Xodus Group has been awarded a framework agreement with energy company SSE to provide employers representative services for the development and ongoing improvements of its electrical networks.The contract is for three years with potential extension for a further two years and is estimated to be worth in excess of £1million.It will involve various development and construction activities across SSE’s portfolio, which includes: to provide the employers representative services in connection with marine survey of proposed subsea cable routes and landfalls; route development of proposed subsea cable routes; cable installation, cable burial and cable protection operations also during defect correction; and adherence to associated consent processes and environmental requirements.The first call-off project under the framework is to support SSE’s electricity transmission business, Scottish Hydro Electric Transmission and its Caithness – Moray HVDC Reinforcement project.Currently under construction, the interconnector cable is approximately 160km long with the 113km submarine section located between Wick and Buckie. It will be capable of transporting up to 1200MW of electricity beneath the Moray Firth. It is expected to be completed in 2018.Xodus previously supported SSE with an environmental permit and licensing stakeholder consultation and route engineering for the proposed Western Isles HVDC project. The potential 600MW HVDC link involves connecting mainland Scotland to the Isle of Lewis with a 156km cable, 80km of which would be subsea.James Hunt, Global Low Carbon Lead with Xodus said: “We are very pleased to be working alongside SSE to help them achieve their electrical network ambitions across Scotland. This agreement recognises our excellent offshore track record, our flexible and proactive approach, and highly knowledgeable team. Work is already underway and going well on the strategically important Caithness – Moray project that will provide secure electrical energy to a large population.“As a business, we are focussed on managing risks and delivering quality on all projects, whether this is providing comprehensive engineering capabilities or through expert project and contract management.”David Joy, cable engineering manager with SSE, said: “We are delighted to bring in a highly experienced Scottish company to support our team in the delivery of our network reinforcement and replacement projects around Scotland. The first project under the framework is the Caithness-Moray project and work has started immediately. We are also very proud that Caithness-Moray is a Living Wage project, and the support of a local business bringing employment to local people is important to us.”
He said the Bukavu-based Centre for Research and Strategic Studies in Central Africa’s director of research Remy Kasindi said terror groups are funding their activities using proceeds from the sale of gold after infiltrating illicit networks in DRC. Although ISS is expected to finish the research after one month, it has already identified Bukavu, Butembo, Bunia, Ariwara and Kisangani as the main trading towns in eastern DRC for gold smuggling. A researcher in the crime and justice division of ISS, Sebastian Gatimu, said Al Shabaab and ADF-NALU are involved in networks pillaging gold in eastern DRC where control of mineral rich areas drives conflicts. The Institute for Security Studies (ISS) is currently carrying out research to track illicit financial flows related to resource extraction in DRC and how gold is smuggled through East African countries before finding its way into the global market. The think tank said smuggling of DRC’s natural resources is linked to conflict in the region, warning that Al Shabaab remains sufficiently resourced to fund its activities despite efforts by African Union Mission in Somalia and the United Nations to cut off its channels of funding. Gold from DRC finds its way to Kampala, Nairobi, Bujumbura and Dar es Salaam before being smuggled to other markets. “Al Shabaab’s links to larger international terror groups such as Al Qaeda means its expansion into the DRC poses a significant threat,” said Mr Gatimu. Gold moved illegally from eastern Democratic Republic of Congo is funding terror groups, a think tank has said. Preliminary findings of the Pretoria based think thank show Al Shabaab and Allied Democratic Forces-National Army for the Liberation of Uganda (ADF-NALU) have joined gold smuggling networks. Terror groups are now joining networks benefiting from proceeds of gold with other natural resources exported illegally from the DRC to Dubai and China.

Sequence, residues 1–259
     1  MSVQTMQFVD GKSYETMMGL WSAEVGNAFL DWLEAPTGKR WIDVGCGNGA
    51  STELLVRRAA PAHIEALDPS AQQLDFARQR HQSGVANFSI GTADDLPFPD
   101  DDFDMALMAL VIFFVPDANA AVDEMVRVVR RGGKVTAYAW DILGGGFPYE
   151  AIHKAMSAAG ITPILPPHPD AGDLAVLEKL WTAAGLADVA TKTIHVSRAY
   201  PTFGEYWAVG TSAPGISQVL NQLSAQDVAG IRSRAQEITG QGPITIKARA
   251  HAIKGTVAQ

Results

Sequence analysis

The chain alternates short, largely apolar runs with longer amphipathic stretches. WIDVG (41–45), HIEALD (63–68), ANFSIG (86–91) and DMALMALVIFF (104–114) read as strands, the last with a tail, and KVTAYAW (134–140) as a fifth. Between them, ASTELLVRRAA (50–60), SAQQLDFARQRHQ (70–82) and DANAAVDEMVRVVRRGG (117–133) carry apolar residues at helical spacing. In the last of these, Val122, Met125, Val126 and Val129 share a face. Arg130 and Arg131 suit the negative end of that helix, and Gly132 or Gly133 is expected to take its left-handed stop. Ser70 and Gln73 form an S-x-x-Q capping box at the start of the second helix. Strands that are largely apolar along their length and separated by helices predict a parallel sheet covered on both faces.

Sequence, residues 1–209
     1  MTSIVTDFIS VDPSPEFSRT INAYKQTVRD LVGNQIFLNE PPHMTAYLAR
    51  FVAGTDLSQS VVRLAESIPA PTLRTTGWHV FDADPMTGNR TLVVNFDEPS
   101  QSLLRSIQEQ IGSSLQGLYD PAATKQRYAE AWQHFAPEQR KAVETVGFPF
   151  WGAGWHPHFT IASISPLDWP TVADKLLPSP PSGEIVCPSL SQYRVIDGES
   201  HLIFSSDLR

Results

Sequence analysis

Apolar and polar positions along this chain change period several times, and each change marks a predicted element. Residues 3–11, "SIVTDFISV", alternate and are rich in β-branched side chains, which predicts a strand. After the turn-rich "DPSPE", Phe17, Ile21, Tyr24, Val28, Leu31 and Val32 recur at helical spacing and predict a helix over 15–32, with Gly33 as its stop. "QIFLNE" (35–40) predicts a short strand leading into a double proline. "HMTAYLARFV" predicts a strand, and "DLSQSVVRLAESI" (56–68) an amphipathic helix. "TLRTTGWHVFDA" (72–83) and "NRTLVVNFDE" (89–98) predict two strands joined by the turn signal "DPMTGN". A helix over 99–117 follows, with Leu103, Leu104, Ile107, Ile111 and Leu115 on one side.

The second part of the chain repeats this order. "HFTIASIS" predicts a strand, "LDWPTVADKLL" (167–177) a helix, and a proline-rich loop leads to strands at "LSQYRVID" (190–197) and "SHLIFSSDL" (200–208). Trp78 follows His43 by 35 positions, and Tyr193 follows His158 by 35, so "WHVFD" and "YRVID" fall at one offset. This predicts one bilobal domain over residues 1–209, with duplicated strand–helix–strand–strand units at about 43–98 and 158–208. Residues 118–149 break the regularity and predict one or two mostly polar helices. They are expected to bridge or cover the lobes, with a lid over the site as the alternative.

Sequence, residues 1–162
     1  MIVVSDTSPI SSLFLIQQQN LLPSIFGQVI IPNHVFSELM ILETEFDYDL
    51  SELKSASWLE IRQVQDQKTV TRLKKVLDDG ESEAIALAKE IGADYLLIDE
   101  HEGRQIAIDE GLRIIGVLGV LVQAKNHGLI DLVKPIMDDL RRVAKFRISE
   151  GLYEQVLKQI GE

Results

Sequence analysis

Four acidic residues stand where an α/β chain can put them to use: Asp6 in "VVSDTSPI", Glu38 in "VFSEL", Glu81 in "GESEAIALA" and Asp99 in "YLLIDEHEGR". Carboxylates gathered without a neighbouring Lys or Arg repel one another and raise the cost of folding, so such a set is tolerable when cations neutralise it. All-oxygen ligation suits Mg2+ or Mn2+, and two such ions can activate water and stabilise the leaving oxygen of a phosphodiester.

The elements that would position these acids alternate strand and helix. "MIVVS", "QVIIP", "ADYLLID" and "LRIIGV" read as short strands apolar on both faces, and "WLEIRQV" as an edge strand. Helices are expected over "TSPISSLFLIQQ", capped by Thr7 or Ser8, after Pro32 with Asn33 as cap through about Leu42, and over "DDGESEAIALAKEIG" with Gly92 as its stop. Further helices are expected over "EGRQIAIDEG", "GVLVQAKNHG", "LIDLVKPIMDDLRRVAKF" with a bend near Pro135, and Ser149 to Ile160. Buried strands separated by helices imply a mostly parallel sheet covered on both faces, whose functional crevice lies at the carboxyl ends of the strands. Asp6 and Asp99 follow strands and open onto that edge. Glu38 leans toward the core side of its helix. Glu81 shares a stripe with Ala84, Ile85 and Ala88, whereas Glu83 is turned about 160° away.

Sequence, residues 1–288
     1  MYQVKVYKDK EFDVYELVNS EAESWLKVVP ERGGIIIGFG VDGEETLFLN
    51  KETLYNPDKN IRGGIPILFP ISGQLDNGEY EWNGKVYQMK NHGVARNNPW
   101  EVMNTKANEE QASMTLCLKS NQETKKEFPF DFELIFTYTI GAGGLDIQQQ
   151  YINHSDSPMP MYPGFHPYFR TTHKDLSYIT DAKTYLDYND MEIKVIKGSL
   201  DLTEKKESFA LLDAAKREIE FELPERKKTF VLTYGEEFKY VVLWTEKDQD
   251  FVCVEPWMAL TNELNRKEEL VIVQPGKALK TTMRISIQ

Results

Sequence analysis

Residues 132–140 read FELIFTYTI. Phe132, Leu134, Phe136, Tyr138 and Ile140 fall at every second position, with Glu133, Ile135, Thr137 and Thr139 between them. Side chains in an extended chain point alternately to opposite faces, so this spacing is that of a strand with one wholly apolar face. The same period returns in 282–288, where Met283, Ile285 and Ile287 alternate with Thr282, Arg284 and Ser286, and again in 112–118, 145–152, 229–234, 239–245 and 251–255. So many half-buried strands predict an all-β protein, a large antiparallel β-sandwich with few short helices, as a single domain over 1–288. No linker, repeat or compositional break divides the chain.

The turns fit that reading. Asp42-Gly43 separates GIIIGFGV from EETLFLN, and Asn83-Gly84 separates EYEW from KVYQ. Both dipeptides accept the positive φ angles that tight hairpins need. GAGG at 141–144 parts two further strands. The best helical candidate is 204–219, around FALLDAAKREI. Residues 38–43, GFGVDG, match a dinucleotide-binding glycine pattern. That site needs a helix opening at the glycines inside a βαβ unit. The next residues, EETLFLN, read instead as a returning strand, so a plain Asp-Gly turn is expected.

FacebookTwitterEmailPrintFriendly分享Another season of Kenai’s personal use dipnet fishery ended two weeks ago; City Manager Rick Koch said each year is improving. Kenai administration is still working out the particulars of costs versus revenues from the fishery and those numbers are expected next week. Koch said there were two very successful additions to the 2015 season. Koch: “If you’re at the fishery one day early on, we told folks to hang on to that permits you had for that day so that when you show up at the fee shack it has a bar code on it, we run it, and everything is self-populated so that speeds things up. This year we put cameras in to be able to look at people’s license plates so that you don’t have to jump out and figure out what your license number is.” Koch said he expects the fishery to have done well this year, meaning the city’s personal use fishery fund will increase. Koch: “We put the no-wake zone in two years ago and for the first three or four days it was sort of nuts. People didn’t have it figured out and we had personnel out on the river to help direct and by the third or fourth day of that fishery two years ago, those people knew the drill. This year most of the folks are repeat customers, they know the drill when they show up. It’s kind of in the context of a dance, the city is one dance partner and the public is another one and we’re getting better at the dance.” Anyone who obtained a 2015 dipnet permit, even if no fish were caught, must turn those permits into the Alaska Department of Fish and Game today.